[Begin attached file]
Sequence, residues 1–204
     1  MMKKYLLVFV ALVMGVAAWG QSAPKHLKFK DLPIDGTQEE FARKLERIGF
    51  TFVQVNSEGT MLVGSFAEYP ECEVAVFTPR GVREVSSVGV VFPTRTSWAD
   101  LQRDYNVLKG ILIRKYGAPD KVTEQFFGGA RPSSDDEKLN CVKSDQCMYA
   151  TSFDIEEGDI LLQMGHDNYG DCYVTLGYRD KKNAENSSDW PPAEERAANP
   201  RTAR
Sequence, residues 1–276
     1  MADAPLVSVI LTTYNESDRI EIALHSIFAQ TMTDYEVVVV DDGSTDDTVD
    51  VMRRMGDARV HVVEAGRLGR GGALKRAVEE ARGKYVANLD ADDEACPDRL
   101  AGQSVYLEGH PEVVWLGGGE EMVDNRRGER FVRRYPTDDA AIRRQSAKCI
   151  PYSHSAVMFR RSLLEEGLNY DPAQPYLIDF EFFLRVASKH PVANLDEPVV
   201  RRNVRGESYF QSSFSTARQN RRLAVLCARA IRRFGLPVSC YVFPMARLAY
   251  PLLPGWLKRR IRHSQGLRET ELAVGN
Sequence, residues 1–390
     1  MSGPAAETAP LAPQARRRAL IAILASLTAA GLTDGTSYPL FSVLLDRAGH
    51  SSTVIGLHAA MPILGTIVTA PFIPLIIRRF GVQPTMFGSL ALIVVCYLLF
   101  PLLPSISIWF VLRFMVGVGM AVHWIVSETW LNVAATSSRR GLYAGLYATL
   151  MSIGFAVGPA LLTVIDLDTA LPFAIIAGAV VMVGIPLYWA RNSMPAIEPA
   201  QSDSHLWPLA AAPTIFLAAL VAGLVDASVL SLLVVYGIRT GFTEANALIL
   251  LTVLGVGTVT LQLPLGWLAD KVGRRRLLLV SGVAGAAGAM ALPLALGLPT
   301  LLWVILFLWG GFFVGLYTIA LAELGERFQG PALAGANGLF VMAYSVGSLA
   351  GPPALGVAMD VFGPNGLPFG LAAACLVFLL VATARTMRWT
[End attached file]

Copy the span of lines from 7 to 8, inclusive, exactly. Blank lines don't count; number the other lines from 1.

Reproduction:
Sequence, residues 1–276
     1  MADAPLVSVI LTTYNESDRI EIALHSIFAQ TMTDYEVVVV DDGSTDDTVD